It’s more complicated than that, of course, because for centuries the United States interfered in the politics and economics of Latin America, which it regarded patronizingly as its back yard. Latin American countries have lately been working to disengage themselves from the most sordid aspects of American interference, with the most extreme example being Venezuela. At any rate, Latin America is popular amongst expatriate American retirees looking to get the most out of their pension dollars. Europe is generally more expensive, with the more dysfunctional economies of southern Europe offering better deals. Southern Europe also offers warmer weather and high quality health care that is on a par with the rest of Europe. American retirees are more likely, therefore, to emigrate to the sunny beaches of Spain than the frigid fjords of Norway.
Director John Huston, an American expatriate for much of his life, in a cameo appearance early in his 1948 film The Treasure of the Sierra Madre, with Humphrey Bogart. The film was about a trio of down on their luck American expatriates in Mexico. Poverty is a miserable existence anywhere, but it causes even more anxiety among those who are adrift from the support of friends, family, and familiar surroundings. The magazine articles for retirees typically mention a few destinations in southeast Asia, and hardly any spots in Africa or the rest of Asia. Presumably the heavy slant toward Latin America and Europe is because those places offer less of a culture shock to most Americans along with the aforementioned economic advantages and similar political climate. That slant also assumes the major part of the readers are of Caucasian European descent, which is not unreasonable considering American demographics, particularly of the middle class that can afford a comfortable retirement, or at least expects to do so if they can stretch their dollars overseas. Their numbers are increasing.
The propaganda in this country has long been that everyone in the world wanted to come here, and that we could pick and choose who got in. With some quibbles, that was mostly true for a long time. Now that may no longer be the case; now not as many people elsewhere may be attracted to these shores, while more people here may be looking elsewhere. For now, it is the people with dependable income, retirees among them, who are leaving. They are the brave ones, and as the political and economic situation in America swirls down a dark hole, and despite the ever more shrill propaganda about how everything is great, just great, more will surely follow to make their home elsewhere.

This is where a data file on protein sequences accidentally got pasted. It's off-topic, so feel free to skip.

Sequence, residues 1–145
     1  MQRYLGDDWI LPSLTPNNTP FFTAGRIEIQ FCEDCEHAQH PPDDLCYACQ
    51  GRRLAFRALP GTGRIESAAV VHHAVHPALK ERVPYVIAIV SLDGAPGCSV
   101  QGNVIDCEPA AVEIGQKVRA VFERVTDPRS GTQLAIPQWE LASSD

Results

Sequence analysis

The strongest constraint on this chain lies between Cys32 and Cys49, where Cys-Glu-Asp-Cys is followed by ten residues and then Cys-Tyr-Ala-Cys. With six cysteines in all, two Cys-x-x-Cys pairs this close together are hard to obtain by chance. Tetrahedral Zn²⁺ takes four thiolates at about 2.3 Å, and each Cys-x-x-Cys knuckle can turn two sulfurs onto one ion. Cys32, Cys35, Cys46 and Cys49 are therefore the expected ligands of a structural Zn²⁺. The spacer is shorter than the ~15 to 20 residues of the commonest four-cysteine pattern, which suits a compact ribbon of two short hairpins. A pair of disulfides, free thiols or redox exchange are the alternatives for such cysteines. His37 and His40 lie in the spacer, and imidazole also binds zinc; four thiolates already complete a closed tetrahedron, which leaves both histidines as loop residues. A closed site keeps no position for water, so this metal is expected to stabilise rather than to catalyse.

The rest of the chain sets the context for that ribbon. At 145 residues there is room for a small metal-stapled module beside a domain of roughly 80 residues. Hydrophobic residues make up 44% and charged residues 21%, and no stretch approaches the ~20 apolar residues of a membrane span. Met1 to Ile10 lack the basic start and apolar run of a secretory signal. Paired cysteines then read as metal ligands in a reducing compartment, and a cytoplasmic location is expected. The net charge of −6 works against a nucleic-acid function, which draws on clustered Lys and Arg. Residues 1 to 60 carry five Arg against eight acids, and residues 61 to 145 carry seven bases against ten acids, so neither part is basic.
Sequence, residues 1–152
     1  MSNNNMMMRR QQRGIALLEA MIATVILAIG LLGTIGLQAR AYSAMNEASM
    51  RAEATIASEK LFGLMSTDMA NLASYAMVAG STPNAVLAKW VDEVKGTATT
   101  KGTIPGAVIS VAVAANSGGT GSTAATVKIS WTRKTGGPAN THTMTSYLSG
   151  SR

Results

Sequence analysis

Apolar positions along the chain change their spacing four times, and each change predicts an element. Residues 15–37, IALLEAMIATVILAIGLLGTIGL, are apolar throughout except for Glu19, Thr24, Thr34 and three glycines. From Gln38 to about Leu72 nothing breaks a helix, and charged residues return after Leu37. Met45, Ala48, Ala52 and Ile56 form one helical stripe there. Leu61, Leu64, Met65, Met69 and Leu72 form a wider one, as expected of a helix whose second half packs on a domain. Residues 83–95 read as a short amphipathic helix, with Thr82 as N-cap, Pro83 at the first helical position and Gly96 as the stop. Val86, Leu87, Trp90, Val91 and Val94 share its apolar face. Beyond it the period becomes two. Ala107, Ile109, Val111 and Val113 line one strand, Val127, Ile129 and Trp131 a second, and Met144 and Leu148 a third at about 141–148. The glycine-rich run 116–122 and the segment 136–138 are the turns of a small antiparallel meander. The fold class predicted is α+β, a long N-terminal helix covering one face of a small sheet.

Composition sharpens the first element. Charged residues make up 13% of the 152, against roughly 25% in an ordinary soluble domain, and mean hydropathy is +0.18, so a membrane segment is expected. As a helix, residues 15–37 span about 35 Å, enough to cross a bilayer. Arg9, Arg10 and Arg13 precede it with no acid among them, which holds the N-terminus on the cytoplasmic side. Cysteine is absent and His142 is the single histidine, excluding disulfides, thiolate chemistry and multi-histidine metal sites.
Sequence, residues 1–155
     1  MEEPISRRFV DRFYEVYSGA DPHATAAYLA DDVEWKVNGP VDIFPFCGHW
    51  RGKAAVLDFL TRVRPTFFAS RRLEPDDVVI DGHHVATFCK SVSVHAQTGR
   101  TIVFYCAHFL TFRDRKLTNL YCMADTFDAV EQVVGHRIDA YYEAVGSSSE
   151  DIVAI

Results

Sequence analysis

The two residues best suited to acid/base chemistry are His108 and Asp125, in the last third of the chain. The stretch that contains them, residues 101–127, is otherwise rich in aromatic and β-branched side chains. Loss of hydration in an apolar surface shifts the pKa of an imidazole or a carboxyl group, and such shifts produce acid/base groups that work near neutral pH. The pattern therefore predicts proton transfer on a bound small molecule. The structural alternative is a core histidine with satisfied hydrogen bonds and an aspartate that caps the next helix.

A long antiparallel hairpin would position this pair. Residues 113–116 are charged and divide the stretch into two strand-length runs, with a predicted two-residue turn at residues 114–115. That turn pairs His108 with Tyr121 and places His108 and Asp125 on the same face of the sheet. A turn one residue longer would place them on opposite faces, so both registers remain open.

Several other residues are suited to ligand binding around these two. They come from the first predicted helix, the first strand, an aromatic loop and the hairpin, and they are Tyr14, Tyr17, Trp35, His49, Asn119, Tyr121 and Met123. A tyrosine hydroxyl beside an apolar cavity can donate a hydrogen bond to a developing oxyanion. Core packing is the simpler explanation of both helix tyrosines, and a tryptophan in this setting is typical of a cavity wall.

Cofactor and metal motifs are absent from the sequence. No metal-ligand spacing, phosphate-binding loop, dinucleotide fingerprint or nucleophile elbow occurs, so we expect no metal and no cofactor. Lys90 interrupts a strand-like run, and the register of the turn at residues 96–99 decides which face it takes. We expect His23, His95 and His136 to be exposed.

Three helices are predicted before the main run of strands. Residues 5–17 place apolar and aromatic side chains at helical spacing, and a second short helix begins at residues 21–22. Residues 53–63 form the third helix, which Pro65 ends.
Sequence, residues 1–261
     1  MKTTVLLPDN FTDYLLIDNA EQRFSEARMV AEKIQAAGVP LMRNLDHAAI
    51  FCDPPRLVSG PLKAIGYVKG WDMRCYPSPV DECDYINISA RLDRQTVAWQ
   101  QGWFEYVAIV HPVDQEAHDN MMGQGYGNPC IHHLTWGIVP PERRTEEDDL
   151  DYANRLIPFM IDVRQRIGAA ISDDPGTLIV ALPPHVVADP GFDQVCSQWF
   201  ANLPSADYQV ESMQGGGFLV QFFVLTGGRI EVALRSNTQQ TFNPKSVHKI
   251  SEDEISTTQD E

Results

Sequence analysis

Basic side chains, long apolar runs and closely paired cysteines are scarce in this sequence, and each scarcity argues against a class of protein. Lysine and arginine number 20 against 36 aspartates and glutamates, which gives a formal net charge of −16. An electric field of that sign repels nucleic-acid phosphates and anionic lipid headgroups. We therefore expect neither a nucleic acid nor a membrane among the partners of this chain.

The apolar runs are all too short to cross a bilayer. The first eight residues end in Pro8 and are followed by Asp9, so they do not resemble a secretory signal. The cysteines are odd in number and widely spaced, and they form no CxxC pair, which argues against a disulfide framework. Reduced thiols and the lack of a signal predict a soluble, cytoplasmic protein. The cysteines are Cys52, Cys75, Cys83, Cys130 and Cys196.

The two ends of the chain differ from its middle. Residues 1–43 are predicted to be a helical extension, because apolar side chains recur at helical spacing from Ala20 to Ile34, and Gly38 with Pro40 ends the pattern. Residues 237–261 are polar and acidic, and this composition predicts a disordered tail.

“Charlie, that’s beneath you,” Steve Bannon told interviewer Charlie Rose on the 60 Minutes television program this past Sunday, referring to Rose’s remark that we are a nation of immigrants except for the Native Americans. Bannon’s statement was bizarre and nonsensical, and seemed to come from his own peculiarly politicized vision of American history in which admitting that European immigrants largely stole the Western Hemisphere from Native Americans in a shameless display of cupidity and genocide is somehow nothing more than shameful leftist propaganda. So much for honestly facing the truth.
Charlie Brown parade balloon at the 2016 Thanksgiving Day parade in New York City. Photo by Midtownguy2012. Maybe Steve Bannon was referring to all the immigrants in the streets of New York City below the floating Charlie Brown balloon.
Even though Mr. Bannon is out of the White House now, his legacy lives on in the administration’s immigration policy, specifically the recent announcement about ending the Obama era DREAMer policy of granting a path to citizenship for children of illegal immigrants. Mr. Bannon does not appear to care for immigrants, legal or otherwise, no matter what sort of intellectual gloss he slops onto his elitism. He is an unsavory man who sees nothing wrong with declaring war on the brown-skinned peoples of the earth, as long as people other than him and his kind are doing the fighting. The short termed White House Communications Director Anthony Scaramucci, in his own succinct way, characterized Bannon absolutely correctly. Mr. Bannon is someone who takes himself too seriously, and is accustomed to overawed admirers reinforcing his own high opinion of himself.